UK's trade deficit with the EU hits highest level in history

(18 Posts)
BritBrit Tue 10-May-16 11:38:58

The UK's trade deficit with the EU hits its highest ever level in history. From January-March 2016 the trade deficit was £24 billion in the EU's favour (£2 billion a week, same as £96 billion a year). The EU depend on UK trade & the UK market, we have the economic power & leverage to create an EU free trade after Brexit

Comments?

Mistigri Tue 10-May-16 12:58:10

This isn't an obvious argument in favour of brexit, which even leave supporters mostly concede will be economically disruptive in the short term.

The trade deficit is actually rather worrying, if viewed as a broad economic indicator, and suggests that the British economy is really not in great shape. This has been a services led recovery that never really turned into a manufacturing recovery. Today's figures suggest that things are getting worse, not better. And you're proposing to make life harder for UK manufacturers and exporters.

As for the EU "relying" on exports to the UK - the UK is indeed an important destination for EU goods, and this is why most EU countries would prefer the UK to remain in. But EU trade with the UK is a small percentage of the EU total. And it works both ways - the UK's reliance on goods from the EU makes UK consumers vulnerable to price hikes and shortages, if tariffs and non-tariff barriers result in the cost of imports increasing.

STIDW Tue 10-May-16 19:04:05

The EU depend on UK trade & the UK market, we have the economic power & leverage

Proportionally more of our exports go to the EU than their exports come to us. Also the UK has more incoming foreign direct investment from the EU than any other country, currently worth about £496n. So if anything the EU has more leverage than us.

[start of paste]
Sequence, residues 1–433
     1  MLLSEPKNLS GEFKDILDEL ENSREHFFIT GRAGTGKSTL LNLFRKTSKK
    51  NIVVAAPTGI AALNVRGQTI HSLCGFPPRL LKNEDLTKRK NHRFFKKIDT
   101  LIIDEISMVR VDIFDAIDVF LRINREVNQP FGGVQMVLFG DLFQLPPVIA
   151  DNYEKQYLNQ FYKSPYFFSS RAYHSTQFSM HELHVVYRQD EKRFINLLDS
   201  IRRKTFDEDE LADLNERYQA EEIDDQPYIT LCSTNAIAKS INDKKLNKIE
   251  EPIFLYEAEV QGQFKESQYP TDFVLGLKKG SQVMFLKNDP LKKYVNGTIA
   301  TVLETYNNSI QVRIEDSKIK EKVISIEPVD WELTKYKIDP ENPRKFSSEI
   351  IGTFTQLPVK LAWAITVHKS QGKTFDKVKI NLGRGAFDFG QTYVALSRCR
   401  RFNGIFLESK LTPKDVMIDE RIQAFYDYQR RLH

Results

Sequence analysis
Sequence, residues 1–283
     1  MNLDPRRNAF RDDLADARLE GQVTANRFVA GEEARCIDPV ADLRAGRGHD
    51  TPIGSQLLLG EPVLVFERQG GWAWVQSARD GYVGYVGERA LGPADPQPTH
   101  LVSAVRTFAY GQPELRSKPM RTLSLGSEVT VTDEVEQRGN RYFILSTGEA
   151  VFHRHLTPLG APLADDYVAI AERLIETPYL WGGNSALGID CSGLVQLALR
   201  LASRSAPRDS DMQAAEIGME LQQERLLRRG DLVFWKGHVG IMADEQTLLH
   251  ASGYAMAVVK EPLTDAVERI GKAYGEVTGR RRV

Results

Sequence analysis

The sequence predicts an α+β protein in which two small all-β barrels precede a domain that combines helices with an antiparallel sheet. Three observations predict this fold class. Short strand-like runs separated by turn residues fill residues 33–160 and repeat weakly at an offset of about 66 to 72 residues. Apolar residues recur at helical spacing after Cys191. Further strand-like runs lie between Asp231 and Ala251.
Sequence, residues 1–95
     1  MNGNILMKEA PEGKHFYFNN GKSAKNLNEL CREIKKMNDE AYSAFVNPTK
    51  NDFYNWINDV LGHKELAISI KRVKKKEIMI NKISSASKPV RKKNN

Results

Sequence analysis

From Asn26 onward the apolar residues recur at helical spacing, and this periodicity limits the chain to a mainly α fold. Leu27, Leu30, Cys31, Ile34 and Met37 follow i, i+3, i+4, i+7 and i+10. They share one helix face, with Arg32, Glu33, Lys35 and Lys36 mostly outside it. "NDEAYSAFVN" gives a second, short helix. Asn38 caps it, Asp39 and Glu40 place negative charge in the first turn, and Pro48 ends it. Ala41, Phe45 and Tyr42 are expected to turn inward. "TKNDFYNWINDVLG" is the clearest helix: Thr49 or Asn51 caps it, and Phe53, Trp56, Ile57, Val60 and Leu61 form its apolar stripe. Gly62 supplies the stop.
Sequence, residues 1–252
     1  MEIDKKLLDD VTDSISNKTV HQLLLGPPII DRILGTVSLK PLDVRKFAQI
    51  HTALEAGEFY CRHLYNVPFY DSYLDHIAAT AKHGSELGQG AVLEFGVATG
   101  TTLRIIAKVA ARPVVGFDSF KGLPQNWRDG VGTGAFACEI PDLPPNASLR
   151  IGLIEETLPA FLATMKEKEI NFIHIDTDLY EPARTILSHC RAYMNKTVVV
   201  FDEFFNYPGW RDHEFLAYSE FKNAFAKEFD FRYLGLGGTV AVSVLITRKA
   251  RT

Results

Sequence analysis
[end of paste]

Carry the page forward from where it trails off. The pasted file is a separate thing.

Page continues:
BreakingDad77 Fri 13-May-16 13:08:30

Devils advocate - is the trade because we are in the EU and its free from tarrifs etc.

Surely they will just source things from the rest of Europe?

The UK has a more flexible employment market i.e worse employer protection so probably have lower costs than Europe.

Once out would we have tariffs applied?

I cannot see any free trade deal with Europe not including free movement of labour it wont be on the table. And of course we will be panicking to sign something.

Mistigri Fri 13-May-16 13:34:46

breakingdad there will be no comprehensive free trade agreement with the EU without free movement. I'm a forecaster used to couching predictions in "likely" and "expected" etc, but I'm prepared to make that forecast with no quibbles!

In the absence of a trade agreement, you'd be in a WTO scenario (as per the Treasury's worst case scenario). The issue isn't simply tariffs, which aren't necessarily onerous, but also non-tariff barriers, which can have significant cost implications. Filing customs papers, employing customs agents, waiting for goods to be cleared etc. It's a big administrative burden, it adds risk and it has implications for your working capital (someone has to fund goods while they are held in a customs area) - and it's why a lot of manufacturers prefer to locate their manufacturing plants inside the markets that they serve. That's why my Toyota car was produced in Derby and not in Japan.

Re costs and why manufacturers make things in the UK, it's not that simple - it's not true for example to say that the UK necessarily has lower costs (it's almost certainly untrue versus, say, parts of Eastern Europe) and in any case, the cost of manufacturing in the UK for export to Europe depends very largely on the euro-sterling exchange rate. Usually if you're a manufacturer looking at investing in a country you'd look at a range of factors including geographical access to your main markets, the existence of any trade barriers, local corporation taxes, local employment practices and laws, local availability of skills and other inputs (eg raw materials).